He immediately could feel himself breathing and became conscious. This seemed to take about 4-5 seconds but his heart had stopped for 45 seconds according to medical records he was hit with the paddles 3 times before his body responded. He did have a collapsed stint and received a quad bypass but the Doctors were amazed that there was not a measurable amount of damage.

    I know for a fact he wishes he had been more prepared but he knows that there will be another time and until then he should make the most out of what God has added to him.
     
  15. Gina B

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    I had one many years ago.

    For a short while, I watched that part of me that remained on the operating table and saw the staff working on me. I felt sorry for that part of me, and curious about the spirit I saw in my personal nurse. There are parts of it I don't share.

    I did not REALIZE I had it for weeks, although I thought of it often. It was so natural and just WAS, so that it was quite a shock when I was one day once again recalling it in my mind and it suddenly occurred to me that it wasn't just a normal thing.

    I think the most valuable thing I got from it was an understanding of the Trinity. I just totally get how three can all function completely separate yet be one, because I sorta did it myself.

    I know many believe stuff like this is drug induced or the like. Maybe it is, but it certainly doesn't mean that what we see and do isn't real. I'm perfectly ready to say that the anesthesia was responsible, but what was it responsible for? I believe it was responsible for enabling me to go beyond what the physical is normally capable of and allowed me to function in a higher capacity...one that is in us but not tapped into by most on this earth and is not meant to be, but occasionally is when our minds are put into physically traumatizing situations.

    It seems that people fear what they don't understand. They are quick to dismiss it or state that it is evil. I find that odd among Christians, whose very lives center around being created in God's image and base their earthly actions on life after death preparation. Yet when faced with the concept of life after death, the first reaction is rejection. I don't get it. Explain that...please.
     
  16. Mexdeaf

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    Near death experiences: I am so not a fan.
     
  17. HAMel

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    I had an Aunt that was very much a dedicated Born Again Christian. She had much influence on me as a child when it came to the Lord.

    She was in the hospital and died. They brought her back almost immediately and once she regained her senses..., she told the ER Staff that if it happened again to not bring her back.

    She never discussed what she saw but it was much more glorious than here on earth. About 4 years later she did pass away.
     
  18. Martin

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    ==Paul died, went to heaven, and returned. That, by its very definition, is a near death experience (NDE). We could also look at Stephen in Acts 7 when he saw the Lord Jesus. These are what we would classify as near death experiences.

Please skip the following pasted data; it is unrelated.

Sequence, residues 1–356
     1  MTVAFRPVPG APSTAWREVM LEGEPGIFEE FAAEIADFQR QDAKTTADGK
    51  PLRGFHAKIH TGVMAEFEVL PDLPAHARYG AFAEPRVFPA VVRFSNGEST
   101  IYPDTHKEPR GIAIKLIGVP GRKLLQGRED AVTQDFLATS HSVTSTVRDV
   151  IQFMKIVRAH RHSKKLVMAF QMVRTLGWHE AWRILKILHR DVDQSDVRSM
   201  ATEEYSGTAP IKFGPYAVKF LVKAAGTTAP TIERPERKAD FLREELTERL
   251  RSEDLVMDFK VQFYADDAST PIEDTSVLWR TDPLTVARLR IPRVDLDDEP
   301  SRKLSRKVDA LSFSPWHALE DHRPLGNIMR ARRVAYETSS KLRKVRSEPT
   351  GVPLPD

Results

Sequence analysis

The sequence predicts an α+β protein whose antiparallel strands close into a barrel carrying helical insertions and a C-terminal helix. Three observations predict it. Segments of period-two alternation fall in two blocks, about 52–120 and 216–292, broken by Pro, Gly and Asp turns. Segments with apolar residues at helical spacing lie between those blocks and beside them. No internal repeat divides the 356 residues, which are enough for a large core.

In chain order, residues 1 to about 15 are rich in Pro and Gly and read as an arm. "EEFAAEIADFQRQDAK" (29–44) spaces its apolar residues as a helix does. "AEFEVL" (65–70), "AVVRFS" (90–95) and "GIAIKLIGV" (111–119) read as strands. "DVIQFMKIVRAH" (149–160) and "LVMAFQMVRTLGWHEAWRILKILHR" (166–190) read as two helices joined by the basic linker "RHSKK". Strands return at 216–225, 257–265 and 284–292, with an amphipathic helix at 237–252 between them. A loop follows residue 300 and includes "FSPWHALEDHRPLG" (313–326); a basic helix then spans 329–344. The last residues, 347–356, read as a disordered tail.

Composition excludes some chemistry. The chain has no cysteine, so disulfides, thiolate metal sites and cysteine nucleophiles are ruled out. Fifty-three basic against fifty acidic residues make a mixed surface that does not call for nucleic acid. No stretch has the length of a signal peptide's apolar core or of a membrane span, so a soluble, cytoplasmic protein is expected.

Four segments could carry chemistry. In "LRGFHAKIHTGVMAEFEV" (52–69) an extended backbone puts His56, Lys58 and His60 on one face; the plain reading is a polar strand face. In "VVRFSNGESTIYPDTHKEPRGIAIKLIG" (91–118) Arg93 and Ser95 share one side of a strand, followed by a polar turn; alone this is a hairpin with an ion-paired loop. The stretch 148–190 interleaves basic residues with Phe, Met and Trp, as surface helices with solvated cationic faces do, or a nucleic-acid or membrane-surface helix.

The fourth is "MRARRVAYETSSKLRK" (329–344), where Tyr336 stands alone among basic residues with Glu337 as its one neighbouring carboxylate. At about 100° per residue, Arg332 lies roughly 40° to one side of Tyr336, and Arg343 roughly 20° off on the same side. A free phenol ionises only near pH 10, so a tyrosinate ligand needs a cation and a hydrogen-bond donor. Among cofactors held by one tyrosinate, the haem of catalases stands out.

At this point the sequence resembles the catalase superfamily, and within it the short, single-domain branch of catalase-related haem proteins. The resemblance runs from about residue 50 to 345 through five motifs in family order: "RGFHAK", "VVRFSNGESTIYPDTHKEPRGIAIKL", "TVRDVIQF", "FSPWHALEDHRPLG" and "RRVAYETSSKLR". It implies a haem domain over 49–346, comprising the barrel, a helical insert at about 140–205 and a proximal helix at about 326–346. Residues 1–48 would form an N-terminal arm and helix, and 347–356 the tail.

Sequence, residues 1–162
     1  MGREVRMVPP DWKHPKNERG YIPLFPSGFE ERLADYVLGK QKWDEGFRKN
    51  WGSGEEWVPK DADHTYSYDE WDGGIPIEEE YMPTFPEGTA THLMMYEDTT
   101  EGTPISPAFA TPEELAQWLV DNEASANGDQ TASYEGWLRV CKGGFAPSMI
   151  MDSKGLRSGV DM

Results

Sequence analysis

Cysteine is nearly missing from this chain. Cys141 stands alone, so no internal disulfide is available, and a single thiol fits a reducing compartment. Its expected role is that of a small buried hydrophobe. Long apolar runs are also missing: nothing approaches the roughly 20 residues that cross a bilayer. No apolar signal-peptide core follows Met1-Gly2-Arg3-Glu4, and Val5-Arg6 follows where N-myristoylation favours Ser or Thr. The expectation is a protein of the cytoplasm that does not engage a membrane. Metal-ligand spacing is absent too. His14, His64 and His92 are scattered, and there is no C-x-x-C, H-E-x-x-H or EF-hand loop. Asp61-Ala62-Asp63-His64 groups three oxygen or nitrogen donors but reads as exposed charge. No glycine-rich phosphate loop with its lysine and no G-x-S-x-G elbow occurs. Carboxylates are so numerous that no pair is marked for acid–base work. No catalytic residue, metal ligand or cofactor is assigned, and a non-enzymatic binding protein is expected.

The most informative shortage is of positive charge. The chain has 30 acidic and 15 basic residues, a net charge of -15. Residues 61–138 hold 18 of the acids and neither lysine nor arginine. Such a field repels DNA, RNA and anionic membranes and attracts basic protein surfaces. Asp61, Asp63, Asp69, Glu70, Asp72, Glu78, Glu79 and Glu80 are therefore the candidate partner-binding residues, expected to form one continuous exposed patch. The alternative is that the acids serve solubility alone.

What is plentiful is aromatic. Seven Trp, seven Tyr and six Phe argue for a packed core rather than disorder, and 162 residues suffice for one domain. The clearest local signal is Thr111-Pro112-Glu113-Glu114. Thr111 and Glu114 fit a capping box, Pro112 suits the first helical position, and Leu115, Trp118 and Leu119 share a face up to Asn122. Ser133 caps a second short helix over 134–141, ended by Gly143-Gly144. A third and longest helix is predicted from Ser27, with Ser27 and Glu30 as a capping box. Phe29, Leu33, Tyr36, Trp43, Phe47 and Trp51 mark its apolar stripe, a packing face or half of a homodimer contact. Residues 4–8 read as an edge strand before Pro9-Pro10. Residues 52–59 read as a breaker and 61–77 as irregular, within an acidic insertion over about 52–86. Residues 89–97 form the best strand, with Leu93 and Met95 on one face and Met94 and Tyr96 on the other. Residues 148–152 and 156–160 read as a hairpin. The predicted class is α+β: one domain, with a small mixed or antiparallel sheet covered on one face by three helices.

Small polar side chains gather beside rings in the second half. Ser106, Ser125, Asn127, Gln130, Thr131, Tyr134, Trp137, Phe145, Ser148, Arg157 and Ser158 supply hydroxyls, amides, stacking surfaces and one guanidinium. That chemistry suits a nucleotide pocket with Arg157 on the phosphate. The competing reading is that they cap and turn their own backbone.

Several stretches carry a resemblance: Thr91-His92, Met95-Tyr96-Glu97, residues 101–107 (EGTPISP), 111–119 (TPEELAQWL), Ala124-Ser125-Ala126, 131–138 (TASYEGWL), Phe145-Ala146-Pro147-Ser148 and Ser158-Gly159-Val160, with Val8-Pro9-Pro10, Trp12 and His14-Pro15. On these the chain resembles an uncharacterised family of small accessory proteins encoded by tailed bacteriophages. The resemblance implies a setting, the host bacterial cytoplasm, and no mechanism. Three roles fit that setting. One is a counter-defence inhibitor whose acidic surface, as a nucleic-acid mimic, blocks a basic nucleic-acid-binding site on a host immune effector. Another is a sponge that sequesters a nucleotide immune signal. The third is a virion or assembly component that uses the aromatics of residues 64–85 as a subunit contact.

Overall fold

==The OP is talking about "near" death experiences. Once death has occured there is no reversing that unless God does it. An NDE is an experience that occurs at the moment of death or when a person is very, very close to death. This is why I cautioned, in the op, about trying to read too much into NDEs. At best, verifiable NDEs only prove that human consciousness can exist outside of the physical brain. For those of us who are believers in Christ, that is an obvious statement. However when we are dealing with atheists are secularists the statement is not so obvious to them. So there is a certain level of apologetic value to a scientific investigation into this matter. That is what men like Gary Habermas, JP Moreland, and Randy Alcorn have done (from a Christian perspective). These are men who believe the Word of God and are looking to NDEs to find whatever apologetic value can be found in them. Of course there are many non-Christians looking into this as well. I believe the University of Virginia has actually started investigating this. In many respects their results are unBiblical, but their research might be able to give us some information that we can use.
     
  19. Martin

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    ==This is why I put the caution at the end of the op. We must judge all experiences, including NDEs, by God's Word. However there are various aspects of the NDE phenomena that do not contradict or conflict with Scripture in anyway. These would include a moment where the person sees their body, a tunnel, and a light. Even though these things do not contradict Scripture we must make sure we judge each alleged NDE by Scripture. Anyone who has an NDE and claims that they were told there was no hell (etc) should be warned that they may have been deceived.
     
  20. Martin

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    ==I agree 100%. We can't base our theology on any NDE experience (even if it agrees with Scripture). Truth is determined by God's Word, not our experience. Demonic deception is certainly present in many NDE cases. However I don't think all of them can be dismissed as demonic deception. I also think that there a small element of apologetic value to certain aspects of some NDE claims (see my op).